CNN’s media maven, Brian Stelter, has suggested that the public needs to be skeptical of both the President and the media’s coverage of the President. The house is on fire, and he wants to conduct an academic argument about which way to point the hose.
John Berman and Poppy Harlow are sitting there taking it all in, treating the 31 year old Stelter as though he’s some great sage, even though he hadn’t been born when the Watergate hearings took place. He would have been nine during the Monica Lewinsky scandal. Give me a break.
The press and the intelligence community may be the only bodies standing between the nation and fascism. The press needs all the support it can get right now to deal with the Administration’s lies and constant deflection of the issues. The legitimate press is under attack. Stelter, and others of his generation, may not have been around long enough to understand what’s really going on. They don’t have the advantage of having lived through the Nixon years and more. Bill Carter, was there when Nixon and Agnew tried to pin it all on the “nattering nabobs of negativism” in the press. He remembers Cronkite going to Vietnam and the Pentagon Papers and Dan Ellsberg. He knows better. He was on the show and he should have said something. A media critic himself, perhaps he felt constrained against speaking out against a colleague. Perhaps it would have impacted his tenure with CNN. Or maybe they just ran out of time.
Stelter, needs to sort out the mainstream “real” media covering the White House from all the rest of what has become an explosion of media outlets, particularly those interested in taking sides politically or going for entertainment value. No one is infallible. Everyone is capable of making a mistake. But I trust the New York Times, The Los Angeles Times, The Washington Post, CBS News and a few other outlets to give me an objective and fair version of what’s going on.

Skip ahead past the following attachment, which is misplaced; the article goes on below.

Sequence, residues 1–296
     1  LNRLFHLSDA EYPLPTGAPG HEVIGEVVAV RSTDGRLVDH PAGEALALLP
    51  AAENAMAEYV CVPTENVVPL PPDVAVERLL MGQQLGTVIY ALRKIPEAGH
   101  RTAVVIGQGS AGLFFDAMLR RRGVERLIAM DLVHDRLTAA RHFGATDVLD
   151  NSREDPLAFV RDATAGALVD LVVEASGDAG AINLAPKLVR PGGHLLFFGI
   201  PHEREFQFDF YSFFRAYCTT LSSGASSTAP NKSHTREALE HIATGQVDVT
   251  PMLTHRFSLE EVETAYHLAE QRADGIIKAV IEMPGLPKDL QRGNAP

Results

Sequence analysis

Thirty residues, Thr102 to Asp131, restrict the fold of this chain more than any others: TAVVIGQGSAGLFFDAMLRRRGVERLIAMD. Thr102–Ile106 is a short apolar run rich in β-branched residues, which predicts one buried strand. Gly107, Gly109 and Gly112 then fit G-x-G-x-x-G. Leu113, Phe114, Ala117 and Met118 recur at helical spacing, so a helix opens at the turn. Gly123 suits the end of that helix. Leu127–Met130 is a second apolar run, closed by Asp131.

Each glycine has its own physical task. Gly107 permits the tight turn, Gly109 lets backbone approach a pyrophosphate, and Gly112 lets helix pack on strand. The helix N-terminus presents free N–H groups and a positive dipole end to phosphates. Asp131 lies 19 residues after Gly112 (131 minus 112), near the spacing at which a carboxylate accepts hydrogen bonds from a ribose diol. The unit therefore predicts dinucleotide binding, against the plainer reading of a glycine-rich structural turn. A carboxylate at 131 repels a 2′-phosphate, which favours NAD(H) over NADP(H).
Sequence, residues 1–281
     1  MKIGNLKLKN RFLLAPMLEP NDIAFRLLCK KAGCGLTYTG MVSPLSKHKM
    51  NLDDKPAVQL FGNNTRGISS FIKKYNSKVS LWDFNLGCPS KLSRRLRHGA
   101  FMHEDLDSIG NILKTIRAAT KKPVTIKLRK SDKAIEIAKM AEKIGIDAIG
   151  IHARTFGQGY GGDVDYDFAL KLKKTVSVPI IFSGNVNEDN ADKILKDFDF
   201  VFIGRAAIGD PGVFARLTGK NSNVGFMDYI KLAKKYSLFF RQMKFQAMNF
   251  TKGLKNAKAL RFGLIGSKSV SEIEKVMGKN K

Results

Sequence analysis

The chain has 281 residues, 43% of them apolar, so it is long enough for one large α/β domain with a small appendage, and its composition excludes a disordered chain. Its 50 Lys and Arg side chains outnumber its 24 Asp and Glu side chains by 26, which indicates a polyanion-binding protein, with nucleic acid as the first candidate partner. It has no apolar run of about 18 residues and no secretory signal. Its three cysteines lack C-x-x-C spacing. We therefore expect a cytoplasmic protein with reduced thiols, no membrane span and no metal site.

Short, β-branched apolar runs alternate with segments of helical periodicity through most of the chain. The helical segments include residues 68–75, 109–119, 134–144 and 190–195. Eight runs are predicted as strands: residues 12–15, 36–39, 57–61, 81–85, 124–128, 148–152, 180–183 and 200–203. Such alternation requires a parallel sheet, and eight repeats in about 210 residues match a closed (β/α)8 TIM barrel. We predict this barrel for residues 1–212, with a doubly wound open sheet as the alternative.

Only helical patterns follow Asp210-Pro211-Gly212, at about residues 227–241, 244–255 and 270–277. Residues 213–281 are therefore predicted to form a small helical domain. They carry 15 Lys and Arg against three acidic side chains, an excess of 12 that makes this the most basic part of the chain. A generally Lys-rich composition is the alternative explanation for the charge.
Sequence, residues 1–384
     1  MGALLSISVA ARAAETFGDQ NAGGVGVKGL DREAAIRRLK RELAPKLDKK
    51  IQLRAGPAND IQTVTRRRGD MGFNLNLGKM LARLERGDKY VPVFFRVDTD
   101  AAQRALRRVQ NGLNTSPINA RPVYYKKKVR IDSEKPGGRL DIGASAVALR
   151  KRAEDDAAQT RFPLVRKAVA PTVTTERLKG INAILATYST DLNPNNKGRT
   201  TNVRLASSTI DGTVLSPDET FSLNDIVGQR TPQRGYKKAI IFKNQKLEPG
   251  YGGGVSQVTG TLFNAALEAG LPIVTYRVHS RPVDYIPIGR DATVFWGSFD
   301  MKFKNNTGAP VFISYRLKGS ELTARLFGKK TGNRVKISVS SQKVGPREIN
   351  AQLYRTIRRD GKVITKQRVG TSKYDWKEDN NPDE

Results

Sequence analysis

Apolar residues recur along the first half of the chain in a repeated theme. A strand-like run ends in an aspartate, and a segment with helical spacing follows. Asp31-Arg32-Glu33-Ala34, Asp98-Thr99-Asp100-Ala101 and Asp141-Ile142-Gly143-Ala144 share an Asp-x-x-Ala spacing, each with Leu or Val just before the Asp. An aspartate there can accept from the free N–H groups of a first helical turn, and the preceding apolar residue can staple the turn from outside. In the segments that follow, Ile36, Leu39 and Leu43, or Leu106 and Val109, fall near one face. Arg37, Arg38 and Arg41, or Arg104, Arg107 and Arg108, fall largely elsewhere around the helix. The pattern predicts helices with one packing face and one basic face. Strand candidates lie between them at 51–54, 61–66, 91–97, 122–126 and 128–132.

There remains no substitute for experience. No amount of book learning, no number of hours sitting in a classroom listening to someone tell you how something is done, or how it feels when it’s done to you. Too many younger people with too little experience moving up the tv news food chain way too fast is part of the reason television news has lost so much of its credibility, something the networks are now in a position to recover from, if they fully resume their proper role of national watchdog.
To do that, they need to bring back a few more less beautiful but more experienced folks, like Carl Bernstein. Some of the younger reporters out there are excellent. I admire the hell out of the job they’re doing, but there remains no substitute for experience. Right now we need both, the vigor of youth and the power of experience, in an industry that’s obsessed with an advertiser-driven focus on selling products to younger market.
The consequences for a nation which increasingly can’t differentiate between valid and “fake” news are too severe for anyone to think otherwise.